Every boom and bust cycle is based on a fallacy, a simple gimmicky idea that seems reasonable at the time but is ridiculed in retrospect. In the recent mania that hit its peak in 2005 before starting to fall apart piece by piece, people (and especially major banks) were falling all over themselves to try to “own” as much consumer credit as they could. This was focused especially on consumer discretionary items — credit card purchases such as electronics, clothes, exercise equipment, and vacations. The real estate bubble didn’t level off until after consumers got in credit card trouble. The bankruptcy reform that made it virtually impossible for consumers to go bankrupt made lenders more overconfident than they already were. After that, it didn’t take much for the top-heavy credit card pile to topple.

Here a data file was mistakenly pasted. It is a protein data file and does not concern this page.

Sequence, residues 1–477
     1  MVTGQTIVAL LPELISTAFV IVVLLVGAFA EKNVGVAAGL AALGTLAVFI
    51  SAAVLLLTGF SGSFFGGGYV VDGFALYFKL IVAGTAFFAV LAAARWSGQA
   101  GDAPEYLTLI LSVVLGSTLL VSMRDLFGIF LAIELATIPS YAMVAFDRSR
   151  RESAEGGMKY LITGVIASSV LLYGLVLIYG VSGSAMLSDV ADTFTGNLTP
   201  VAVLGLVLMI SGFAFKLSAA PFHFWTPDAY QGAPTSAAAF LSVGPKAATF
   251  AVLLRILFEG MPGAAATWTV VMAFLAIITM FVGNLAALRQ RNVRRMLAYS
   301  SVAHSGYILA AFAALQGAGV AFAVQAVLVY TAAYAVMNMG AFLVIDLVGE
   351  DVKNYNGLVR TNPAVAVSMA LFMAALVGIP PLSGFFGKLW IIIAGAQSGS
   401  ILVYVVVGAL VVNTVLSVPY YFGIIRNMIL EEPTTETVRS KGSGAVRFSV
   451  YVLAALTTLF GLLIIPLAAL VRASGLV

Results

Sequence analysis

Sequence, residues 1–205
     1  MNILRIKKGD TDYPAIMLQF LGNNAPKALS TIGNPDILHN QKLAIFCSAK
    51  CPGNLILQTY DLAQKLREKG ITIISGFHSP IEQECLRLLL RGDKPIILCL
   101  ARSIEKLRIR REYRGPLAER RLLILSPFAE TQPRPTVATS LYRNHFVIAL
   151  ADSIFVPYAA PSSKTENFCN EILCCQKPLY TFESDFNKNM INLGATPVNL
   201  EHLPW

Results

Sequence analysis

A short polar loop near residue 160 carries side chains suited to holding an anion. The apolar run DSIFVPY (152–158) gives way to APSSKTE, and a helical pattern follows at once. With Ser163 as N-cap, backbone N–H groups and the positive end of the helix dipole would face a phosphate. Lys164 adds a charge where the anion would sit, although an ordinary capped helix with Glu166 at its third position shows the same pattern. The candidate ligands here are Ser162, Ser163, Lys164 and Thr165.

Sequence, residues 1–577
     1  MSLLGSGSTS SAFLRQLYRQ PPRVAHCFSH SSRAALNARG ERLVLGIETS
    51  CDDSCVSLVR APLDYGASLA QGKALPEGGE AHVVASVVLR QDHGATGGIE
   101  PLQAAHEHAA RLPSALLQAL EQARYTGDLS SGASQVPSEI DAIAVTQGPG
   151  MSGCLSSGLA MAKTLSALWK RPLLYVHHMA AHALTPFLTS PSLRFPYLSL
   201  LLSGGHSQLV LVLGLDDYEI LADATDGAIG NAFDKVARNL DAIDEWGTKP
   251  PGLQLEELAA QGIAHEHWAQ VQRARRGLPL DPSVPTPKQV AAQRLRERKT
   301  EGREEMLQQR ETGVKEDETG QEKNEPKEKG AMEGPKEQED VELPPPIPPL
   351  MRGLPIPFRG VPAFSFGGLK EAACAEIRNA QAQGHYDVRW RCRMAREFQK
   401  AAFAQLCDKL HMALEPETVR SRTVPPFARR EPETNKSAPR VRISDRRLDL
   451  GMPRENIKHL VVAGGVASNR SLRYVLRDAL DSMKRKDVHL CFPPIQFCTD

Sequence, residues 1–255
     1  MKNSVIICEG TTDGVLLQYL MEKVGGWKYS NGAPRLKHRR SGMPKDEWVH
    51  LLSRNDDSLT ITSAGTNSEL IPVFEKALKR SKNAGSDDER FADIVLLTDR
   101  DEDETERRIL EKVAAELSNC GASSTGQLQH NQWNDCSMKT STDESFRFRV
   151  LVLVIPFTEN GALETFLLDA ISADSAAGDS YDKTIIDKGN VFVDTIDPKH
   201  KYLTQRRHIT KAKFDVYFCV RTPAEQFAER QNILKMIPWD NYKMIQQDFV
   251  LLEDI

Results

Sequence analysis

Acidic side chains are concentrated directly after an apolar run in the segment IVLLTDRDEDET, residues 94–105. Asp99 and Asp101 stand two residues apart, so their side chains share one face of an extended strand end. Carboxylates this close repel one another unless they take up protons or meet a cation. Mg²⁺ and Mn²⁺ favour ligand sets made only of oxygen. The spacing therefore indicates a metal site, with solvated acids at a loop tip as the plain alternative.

In my opinion, it was the May 2008 stimulus payments that finally caused the credit market to break. The sudden load of extra U.S. government debt squeezed the credit market at the same time that manufacturers and retailers were overextending to try to catch the stimulus wave that never quite reached them. The Wall Street bailout in the fall and the Fed rate cuts were just further blows to an economy that was already reeling. But none of these panicky reactions should be blamed for causing the financial crisis.
Similarly, we may have made too much of the mortgage rate adjustments, medical expenses, and divorces that were the triggering events for home foreclosures. The real cause, in many cases, was credit card debt.
For more than half a century it was thought that consumers had to continually consume more to keep the economy operating. I do not believe that was ever really necessary, but in any case, that strategy seems to have run its course.